Growing Grapes (Vitis vinifera) have the reputation of being fragile and difficult to cultivate. Growing grapes in your backyard are not that difficult as some assume it to be. One of the best things about growing grapes is their adaptability to varied climate and soil.
Another important thing to know when growing grapes is knowing when and how to fertilize the soil for enhanced growth. The best fertilizer for grapevines should be rich in macro and microelements. Once established, a well-tended plant can be productive for 40 years or more.
Pre-planting Fertilization of Grapevines
Grapes (Vitis vinifera) planted in most soil types require some fertilizer to grow their best. Excessive soil nutrients, however, cause vines to grow rapidly while fruit production and quality decrease. Different types of nutrients should be applied to grapes throughout the growing season.
If a soil test reveals rich soil, you might want to err on the lighter side when it comes to fertilizer applications. Grapevines will generally require more nutrients as they mature. If the results of your test show the soil pH is fine but magnesium is lacking, add 1 pound (0.5 kg.) of Epsom salts for every 100 square feet (9.3 square meters).
Should you find your soil is lacking in phosphorus, apply triple phosphate (0-45-0) in the amount of ½ pound (0.22 kg.), superphosphate (0-20-0) at the rate of ¼ pound (0.11 kg.) or bone meal (1-11-1) in the amount of 2 ¼ pounds (1 kg.) per 100 square feet (9.3 square meters). Lastly, if the soil is low in potassium, add ¾ pound (0.34 kg.) of potassium sulfate or 10 pounds (4.5 kg.) of greensand.
Apply organic fertilizers rich in nitrogen two weeks after planting. Reapply annually in early spring right before growth starts. Do not apply nitrogen later in the season as it will delay ripening, inhibit coloring, and create a tender, late-season growth that will be damaged in the winter. Four to six inches of mulch may be applied to help control weeds and conserve soil moisture. For a more productive harvest, plant grapes in raised beds or hills.
When to Feed Grapevines
Grapes are deep-rooted and, as such, require little additional grapevine fertilizer. Unless your soil is extremely poor, be cautious, and amend as little as possible. For all soils, fertilize lightly the second year of growth.
How much plant food should I use for grapes?
Apply no more than ¼ pound (0.11 kg.) of 10-10-10 fertilizer in a circle around the plant, 4 feet (1.2 m.) away from each vine. In successive years, apply 1 pound (0.45 kg.) about 8 feet (2.4 m.) from the base of the plants appear to lack vigor.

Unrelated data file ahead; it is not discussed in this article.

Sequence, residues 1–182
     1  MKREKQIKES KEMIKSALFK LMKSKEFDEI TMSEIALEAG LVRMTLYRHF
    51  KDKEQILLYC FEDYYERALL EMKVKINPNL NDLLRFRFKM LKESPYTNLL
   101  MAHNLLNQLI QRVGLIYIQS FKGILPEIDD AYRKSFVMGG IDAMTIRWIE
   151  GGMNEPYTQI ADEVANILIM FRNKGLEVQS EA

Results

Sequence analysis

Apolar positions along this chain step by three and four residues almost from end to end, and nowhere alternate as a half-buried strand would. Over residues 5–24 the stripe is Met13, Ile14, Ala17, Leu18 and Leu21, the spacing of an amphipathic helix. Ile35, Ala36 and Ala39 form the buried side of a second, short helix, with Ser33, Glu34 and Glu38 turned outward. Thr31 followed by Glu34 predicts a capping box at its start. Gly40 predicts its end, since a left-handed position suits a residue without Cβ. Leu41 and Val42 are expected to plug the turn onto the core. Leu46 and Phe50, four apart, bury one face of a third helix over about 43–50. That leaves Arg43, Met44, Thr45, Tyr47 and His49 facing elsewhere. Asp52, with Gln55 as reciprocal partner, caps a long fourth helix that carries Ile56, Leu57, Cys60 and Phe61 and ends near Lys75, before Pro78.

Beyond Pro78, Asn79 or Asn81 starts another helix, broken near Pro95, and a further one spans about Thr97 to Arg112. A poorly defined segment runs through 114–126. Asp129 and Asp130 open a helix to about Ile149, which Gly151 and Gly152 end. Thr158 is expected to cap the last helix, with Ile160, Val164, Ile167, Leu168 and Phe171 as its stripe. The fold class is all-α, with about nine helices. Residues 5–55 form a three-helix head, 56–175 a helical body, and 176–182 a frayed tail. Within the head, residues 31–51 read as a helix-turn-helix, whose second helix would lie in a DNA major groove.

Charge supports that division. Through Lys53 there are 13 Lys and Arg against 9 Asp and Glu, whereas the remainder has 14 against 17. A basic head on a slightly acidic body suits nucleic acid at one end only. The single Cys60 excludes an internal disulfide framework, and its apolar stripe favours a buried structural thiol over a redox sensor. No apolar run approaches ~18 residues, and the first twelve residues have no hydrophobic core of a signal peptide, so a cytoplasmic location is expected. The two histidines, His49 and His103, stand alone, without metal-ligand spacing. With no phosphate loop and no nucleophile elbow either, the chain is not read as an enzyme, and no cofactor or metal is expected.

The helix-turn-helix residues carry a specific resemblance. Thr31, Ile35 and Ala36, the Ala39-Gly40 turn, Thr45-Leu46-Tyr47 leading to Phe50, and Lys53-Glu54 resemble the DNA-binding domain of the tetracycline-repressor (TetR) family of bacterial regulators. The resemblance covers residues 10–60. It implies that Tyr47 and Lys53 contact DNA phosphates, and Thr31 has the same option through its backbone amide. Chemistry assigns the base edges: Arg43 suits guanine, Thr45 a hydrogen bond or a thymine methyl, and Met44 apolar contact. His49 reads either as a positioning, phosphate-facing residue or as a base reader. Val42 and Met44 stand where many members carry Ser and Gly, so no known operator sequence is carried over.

Apply plant food for grapes just when the buds begin to emerge in the spring. Fertilizing too late in the season can cause overly extensive growth, which may leave the plants vulnerable to winter injury.
Grapevines Nitrogen Requirement and Application
Grapevines require nitrogen when they grow rapidly during the spring. If you want to fertilize grapes using manure, the University of California recommends applying it in January or February. Apply 5 to 10 pounds of poultry or rabbit manure or 5 to 20 pounds of a steer or cow manure per vine.
Other nitrogen fertilizers, such as urea, ammonium nitrate, and ammonium sulfate, should be applied after bloom or when the grapes reach 1/4-inch in diameter. You can apply 1/2-pound of ammonium sulfate, 3/8-pound of ammonium nitrate or 1/4-pound of urea per vine.
Grapevines Zinc Requirement and Application
Zinc helps grapevines with pollination, hormone production, and other essential plant functions. Signs of zinc deficiency include stunted shoots and leaves, as well as reduced fruit set. The best time to apply zinc is during spring about a week before they bloom or when the vines are in full bloom.
A zinc spray with a concentration of 0.1 pounds per gallon should be applied to the foliage of each vine. Alternatively, pruning cuts can be dipped into a zinc solution immediately after pruning vines during early winter.
Grapevines Potassium Requirement and Application
If grapevines show signs of a potassium deficiency, such as decreased shoot growth, chlorosis (yellowing), and burning during summer. Potassium fertilizer should be applied during the spring or early summer when the vines are beginning to produce fruit.
You may also want to apply potassium if soil tests reveal a deficiency. Experts at the University of California recommend applying 3 pounds of potassium sulfate per vine for a mild deficiency. For a severe potassium deficiency, up to 6 pounds per vine should be applied.
Tips on Planting, Growing & Harvesting Grapes
Planting and management of grapes have some requirements that need to be satisfied. Below are tips to assist you to plant grapes successfully.
- Varieties best suited to your region should be selected.
- Start from cuttings or nursery stock
- Plant in full sun in compost-rich soil
- Locate where breezes can dry off moisture
- The plant must be fertilized early in the season and be watered regularly
- The plant must be pruned carefully to minimize side shoots
- A trellis or other support should be provided.
Site Preparation for Grapes
All types of grapes require a warm planting site with full sun and moderate water. An area that has adequate sun, a soil with a pH of 5 – 6.5, well-drained but not soaked with enough nutrients to grow just well must be chosen.
Too much fertilizing can make them grow fast but they will not bear grapes that well. So, make sure you do not fertilize your grapevines more than necessary. The soil at the planting site should be loose, rich, and deep.
The roots of grapevines grow deep into the earth. Amend to a depth of 24 to 36 inches with good organic compost or well-rotted animal manure to improve existing soil. Pruning during the dormant season will control growth and produce abundant fruit.